It turns out that life experience and environment have a huge impact on frustration tolerance. A University of Rochester study altered the marshmallow experiment. It compared how a consistent or inconsistent environment might impact the ability to wait.
One group of children experienced a consistent, reliable environment (a promise kept) right before the marshmallow offer. These children were more likely to wait for the greater reward. The other group had an inconsistent or unreliable experience (a broken promise) before the marshmallow challenge. These children were less likely to delay eating the treat they were sure of. That’s understandable given what just happened.
How to Benefit From Frustration
Delayed gratification studies show that important information can come from our response to frustration. It prompts questions like: How well do I handle discomfort? What’s making me so annoyed or frustrated? Is it something I can control? Do I trust these people with my needs? What will happen if I just ride the wave until it passes?
If we tend to act to get what we want instantly, we may miss important opportunities. Through challenges, we may gain skills and knowledge about ourselves that build a stronger sense of self-esteem.
More Benefits of Delaying Gratification
Frustration tolerance can help a person discover new strengths, for example:
- Discomfort may be tolerable. It may pass sooner than expected. It may take between a few moments to an hour.
- Listening to self-talk may reveal something important. What kind of self-talk is happening? Am I buying into someone else’s narrative about my value?
- Exploring wants may uncover important needs. Do I want something because without it, I’m worried I’ll be rejected or left behind? What do I really need?
- How to belong is a choice. Do I really need to change my looks or possessions to be accepted? Am I giving others in my life enough credit?
- Being mindful about friendship is an option. What is it about a certain relationship that’s so important? Is this really a friendship that will be good for me?
Life doesn’t always turn out the way we want it to. That can be terribly frustrating. However, feeling that frustration may expose what we really need to make things better.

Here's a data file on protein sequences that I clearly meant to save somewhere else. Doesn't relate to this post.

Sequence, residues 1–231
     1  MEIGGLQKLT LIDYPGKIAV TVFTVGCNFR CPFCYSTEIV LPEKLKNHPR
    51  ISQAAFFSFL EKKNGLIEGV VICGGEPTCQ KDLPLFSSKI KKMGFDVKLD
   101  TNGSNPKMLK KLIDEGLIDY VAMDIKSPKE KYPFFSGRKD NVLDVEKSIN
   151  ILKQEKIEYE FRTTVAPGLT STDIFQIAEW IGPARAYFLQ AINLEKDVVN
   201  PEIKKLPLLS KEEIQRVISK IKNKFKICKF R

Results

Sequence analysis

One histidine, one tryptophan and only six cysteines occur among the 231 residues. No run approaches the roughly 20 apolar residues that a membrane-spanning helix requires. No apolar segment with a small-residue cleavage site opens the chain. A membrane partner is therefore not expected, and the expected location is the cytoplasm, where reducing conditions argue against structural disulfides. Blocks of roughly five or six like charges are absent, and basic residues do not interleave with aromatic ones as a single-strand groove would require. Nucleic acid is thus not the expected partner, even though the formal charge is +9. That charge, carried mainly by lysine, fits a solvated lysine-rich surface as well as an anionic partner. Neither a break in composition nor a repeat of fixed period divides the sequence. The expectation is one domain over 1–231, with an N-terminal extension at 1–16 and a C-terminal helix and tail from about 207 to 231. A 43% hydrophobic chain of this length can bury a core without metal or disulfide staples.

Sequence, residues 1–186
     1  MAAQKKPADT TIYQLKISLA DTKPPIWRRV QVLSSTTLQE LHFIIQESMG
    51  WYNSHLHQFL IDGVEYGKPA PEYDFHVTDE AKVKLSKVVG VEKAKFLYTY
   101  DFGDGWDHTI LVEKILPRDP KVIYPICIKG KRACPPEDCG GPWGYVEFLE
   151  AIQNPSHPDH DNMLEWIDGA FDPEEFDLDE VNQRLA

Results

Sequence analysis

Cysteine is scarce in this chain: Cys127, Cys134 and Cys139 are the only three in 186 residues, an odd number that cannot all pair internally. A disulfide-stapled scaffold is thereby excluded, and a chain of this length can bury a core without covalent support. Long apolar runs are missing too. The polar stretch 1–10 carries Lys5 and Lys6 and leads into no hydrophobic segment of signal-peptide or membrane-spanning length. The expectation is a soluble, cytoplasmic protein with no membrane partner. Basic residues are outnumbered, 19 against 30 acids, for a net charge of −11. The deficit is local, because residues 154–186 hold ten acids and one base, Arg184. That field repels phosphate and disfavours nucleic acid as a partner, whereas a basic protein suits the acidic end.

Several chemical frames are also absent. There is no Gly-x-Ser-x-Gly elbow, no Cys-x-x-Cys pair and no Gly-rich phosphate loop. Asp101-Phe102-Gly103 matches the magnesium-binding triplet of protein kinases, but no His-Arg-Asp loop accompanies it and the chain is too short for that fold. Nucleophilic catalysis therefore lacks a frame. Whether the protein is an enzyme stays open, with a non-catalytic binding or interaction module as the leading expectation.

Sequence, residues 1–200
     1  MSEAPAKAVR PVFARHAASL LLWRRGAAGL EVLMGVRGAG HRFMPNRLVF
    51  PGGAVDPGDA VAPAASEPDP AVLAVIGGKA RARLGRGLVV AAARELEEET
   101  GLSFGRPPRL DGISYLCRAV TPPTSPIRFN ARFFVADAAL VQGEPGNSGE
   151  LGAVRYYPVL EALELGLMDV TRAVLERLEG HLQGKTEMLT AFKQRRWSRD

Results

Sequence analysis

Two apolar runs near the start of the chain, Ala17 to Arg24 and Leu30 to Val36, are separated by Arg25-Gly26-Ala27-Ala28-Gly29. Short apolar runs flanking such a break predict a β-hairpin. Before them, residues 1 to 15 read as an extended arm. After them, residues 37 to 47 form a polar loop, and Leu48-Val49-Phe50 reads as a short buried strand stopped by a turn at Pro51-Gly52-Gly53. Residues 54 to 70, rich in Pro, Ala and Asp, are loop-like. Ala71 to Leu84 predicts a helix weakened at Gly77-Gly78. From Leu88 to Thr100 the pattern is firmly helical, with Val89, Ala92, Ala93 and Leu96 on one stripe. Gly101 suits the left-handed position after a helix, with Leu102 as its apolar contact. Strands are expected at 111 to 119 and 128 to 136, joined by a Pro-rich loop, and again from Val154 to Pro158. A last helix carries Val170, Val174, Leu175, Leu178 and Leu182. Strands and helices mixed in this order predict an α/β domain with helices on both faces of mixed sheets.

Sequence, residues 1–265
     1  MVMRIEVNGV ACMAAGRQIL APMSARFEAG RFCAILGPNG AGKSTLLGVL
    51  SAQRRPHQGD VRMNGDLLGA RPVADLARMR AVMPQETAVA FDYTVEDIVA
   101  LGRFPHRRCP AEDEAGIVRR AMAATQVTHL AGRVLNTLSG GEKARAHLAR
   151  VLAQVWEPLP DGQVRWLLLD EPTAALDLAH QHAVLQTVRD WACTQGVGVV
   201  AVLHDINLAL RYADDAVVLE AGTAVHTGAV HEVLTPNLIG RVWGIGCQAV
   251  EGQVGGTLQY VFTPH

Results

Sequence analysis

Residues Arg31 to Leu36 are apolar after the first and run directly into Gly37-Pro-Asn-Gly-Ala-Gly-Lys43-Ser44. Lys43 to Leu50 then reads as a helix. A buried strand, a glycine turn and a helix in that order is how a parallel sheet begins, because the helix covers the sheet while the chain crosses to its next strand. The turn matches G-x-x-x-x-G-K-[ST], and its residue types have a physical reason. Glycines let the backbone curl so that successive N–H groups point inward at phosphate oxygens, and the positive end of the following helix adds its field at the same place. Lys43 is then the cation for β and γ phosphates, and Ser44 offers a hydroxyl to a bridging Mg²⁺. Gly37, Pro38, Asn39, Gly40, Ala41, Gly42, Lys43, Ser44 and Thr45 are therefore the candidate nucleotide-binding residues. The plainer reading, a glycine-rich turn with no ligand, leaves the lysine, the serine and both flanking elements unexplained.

As a child you may not have had the benefit of consistency. But as an adult, you may find you can give yourself what you need. By managing what you can control – how you take care of yourself – you can build other strengths and skills to make things better.
How Therapy Can Help
Therapy is a safe space to examine frustration and other experiences you may want to respond to differently.
In therapy we can:
- Honor feelings
- Validate and witness emotions
- Hold feelings long enough to explore different responses
- Develop skills to cope with challenging thoughts and emotions
- Find good questions to ask yourself to understand your experiences
- Take time to consider how feelings may change in the future
In a world that celebrates immediate gratification, we all need to question what serves us best. Society insists we escape stress, with urgency not to be left behind. Without frustration tolerance, we can’t know how else to react other than go along, or resent feeling held back. When we recognize that frustration happens, we can accept these feelings as normal and let them pass. This perspective allows us to make intentional decisions in line with our values.
When our lives overflow with stuff, what is happening? After a point, consuming things can only approximate love, nurturing and healthy parenting. Connecting with ourselves becomes increasingly important to feel a sense of peace with our decisions.
It’s so easy to get caught up in thinking more is better, and now is best. The trouble comes when we remain frenzied and forget to slow down.
Therapy is an opportunity to clarify what you value, who you are, and the life you want.
Do you wonder how our instant gratification culture is training you and your loved ones to think and act? The ability to delay gratification can empower you to refocus, and reclaim the story of what matters in your life.